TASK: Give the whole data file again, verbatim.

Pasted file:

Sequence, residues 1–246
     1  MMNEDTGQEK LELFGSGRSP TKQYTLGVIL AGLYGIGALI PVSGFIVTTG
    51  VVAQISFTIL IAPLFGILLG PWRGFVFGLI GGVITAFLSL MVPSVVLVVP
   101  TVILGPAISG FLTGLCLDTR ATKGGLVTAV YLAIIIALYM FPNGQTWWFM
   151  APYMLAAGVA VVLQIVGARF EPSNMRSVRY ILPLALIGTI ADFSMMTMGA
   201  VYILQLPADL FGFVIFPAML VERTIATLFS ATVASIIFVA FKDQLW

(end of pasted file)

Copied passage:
Sequence, residues 1–246
     1  MMNEDTGQEK LELFGSGRSP TKQYTLGVIL AGLYGIGALI PVSGFIVTTG
    51  VVAQISFTIL IAPLFGILLG PWRGFVFGLI GGVITAFLSL MVPSVVLVVP
   101  TVILGPAISG FLTGLCLDTR ATKGGLVTAV YLAIIIALYM FPNGQTWWFM
   151  APYMLAAGVA VVLQIVGARF EPSNMRSVRY ILPLALIGTI ADFSMMTMGA
   201  VYILQLPADL FGFVIFPAML VERTIATLFS ATVASIIFVA FKDQLW